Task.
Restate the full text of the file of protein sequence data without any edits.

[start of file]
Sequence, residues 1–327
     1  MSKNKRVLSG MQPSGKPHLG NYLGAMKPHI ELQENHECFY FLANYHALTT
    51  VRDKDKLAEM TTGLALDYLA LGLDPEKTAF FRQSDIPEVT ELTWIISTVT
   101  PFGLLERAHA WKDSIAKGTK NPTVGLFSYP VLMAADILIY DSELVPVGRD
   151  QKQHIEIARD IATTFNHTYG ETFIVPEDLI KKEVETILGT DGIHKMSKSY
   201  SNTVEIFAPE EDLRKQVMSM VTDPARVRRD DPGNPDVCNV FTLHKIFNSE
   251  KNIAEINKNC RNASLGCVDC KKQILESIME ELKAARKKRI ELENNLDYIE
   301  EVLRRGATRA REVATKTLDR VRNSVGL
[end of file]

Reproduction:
Sequence, residues 1–327
     1  MSKNKRVLSG MQPSGKPHLG NYLGAMKPHI ELQENHECFY FLANYHALTT
    51  VRDKDKLAEM TTGLALDYLA LGLDPEKTAF FRQSDIPEVT ELTWIISTVT
   101  PFGLLERAHA WKDSIAKGTK NPTVGLFSYP VLMAADILIY DSELVPVGRD
   151  QKQHIEIARD IATTFNHTYG ETFIVPEDLI KKEVETILGT DGIHKMSKSY
   201  SNTVEIFAPE EDLRKQVMSM VTDPARVRRD DPGNPDVCNV FTLHKIFNSE
   251  KNIAEINKNC RNASLGCVDC KKQILESIME ELKAARKKRI ELENNLDYIE
   301  EVLRRGATRA REVATKTLDR VRNSVGL